The item list can also be tailored according to your procurement protocols. You can add additional columns for information such as product codes and descriptions (known as reference fields), or product-wise attributes that you need suppliers to respond to (known as query fields). These can be saved as templates for use when requesting specific types of goods and services where more information is needed from suppliers or specific attributes need to be compared. Creating templates saves time for future requisitions of the same item.


Phase 3: Trial run

Once the preparatory data is compiled, cleaned, and mapped into the system, we recommend running a trial of the system for a limited set of categories.

The purpose of the trial run is to identify upfront any major challenges the team is encountering in running the system, support suppliers in being able to respond to your queries and provide refresher training wherever needed.

During the trial run, you should run a complete procurement cycle on Proqura that includes:

  • Generate a purchase request consisting of the items you need.
  • Create a request for quotation (RFQ) and invite suppliers to submit offers.
  • Review the offers using the comparison sheet to make a purchase decision.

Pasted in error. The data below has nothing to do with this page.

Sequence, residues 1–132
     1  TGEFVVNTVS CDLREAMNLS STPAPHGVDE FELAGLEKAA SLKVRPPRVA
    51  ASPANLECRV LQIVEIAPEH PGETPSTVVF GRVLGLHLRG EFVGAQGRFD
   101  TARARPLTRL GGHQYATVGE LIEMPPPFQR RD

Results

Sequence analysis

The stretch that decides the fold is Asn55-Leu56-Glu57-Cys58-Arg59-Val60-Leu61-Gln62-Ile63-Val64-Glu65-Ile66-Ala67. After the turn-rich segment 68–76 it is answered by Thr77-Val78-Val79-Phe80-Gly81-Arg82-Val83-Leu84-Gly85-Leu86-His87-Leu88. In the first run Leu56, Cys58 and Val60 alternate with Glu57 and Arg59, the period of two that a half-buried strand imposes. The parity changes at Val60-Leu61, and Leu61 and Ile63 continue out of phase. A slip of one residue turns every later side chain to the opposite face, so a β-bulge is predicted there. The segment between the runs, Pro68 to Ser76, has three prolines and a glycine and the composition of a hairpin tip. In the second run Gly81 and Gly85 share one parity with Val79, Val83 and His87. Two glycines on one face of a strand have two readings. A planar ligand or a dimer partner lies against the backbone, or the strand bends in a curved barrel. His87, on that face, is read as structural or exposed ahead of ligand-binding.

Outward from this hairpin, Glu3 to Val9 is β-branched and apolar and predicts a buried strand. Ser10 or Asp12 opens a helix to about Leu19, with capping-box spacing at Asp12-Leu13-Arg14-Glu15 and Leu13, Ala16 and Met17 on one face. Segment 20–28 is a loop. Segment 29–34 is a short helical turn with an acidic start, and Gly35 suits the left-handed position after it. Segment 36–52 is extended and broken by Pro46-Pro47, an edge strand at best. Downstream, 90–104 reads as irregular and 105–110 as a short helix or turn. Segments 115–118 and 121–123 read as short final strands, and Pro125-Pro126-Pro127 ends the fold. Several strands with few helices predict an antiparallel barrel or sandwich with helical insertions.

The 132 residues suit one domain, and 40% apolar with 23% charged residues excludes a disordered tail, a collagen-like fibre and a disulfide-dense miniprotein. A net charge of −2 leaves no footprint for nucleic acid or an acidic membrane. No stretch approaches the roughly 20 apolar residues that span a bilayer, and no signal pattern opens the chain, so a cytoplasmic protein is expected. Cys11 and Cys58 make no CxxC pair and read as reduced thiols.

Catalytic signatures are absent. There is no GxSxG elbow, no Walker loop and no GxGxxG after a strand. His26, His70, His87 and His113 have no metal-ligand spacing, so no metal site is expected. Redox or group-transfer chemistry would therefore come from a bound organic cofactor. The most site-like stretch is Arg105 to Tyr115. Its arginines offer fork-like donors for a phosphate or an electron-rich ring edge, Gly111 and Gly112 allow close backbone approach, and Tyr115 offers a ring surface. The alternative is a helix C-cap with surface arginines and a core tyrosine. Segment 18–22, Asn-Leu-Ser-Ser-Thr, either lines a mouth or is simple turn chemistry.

• Issue a purchase order to the supplier(s) with the best offer.
  • Record the receipt of items in the system.
  • 3-way match your documents once you receive an invoice from the supplier.
  • Export the invoice and payables from Proqura for further processing (e.g. by importing to your accounting system).

This is just a baseline for a typical procure-to-pay process. The exact process that you follow, however, will depend on your organization’s unique requirements and procurement process.

Phase 4: Integration with other software

Once your users are comfortable using the main system and the master data has been created, you can choose to integrate your e-procurement solution with other software you are using, such as your ERP system, inventory management solution, or accounting and finance software.

Proqura provides a comprehensive API to link your procurement with other systems and software that you use, allowing you to push and pull data seamlessly in real-time for smooth business operations.

Phase 5: Go live with e-procurement

Once the core implementation is complete and integrations are ready, you can go live and scale up usage of the system across all business units and categories. Proqura offers a detailed help manual and other tutorial materials that can guide your team to get the most out of your system.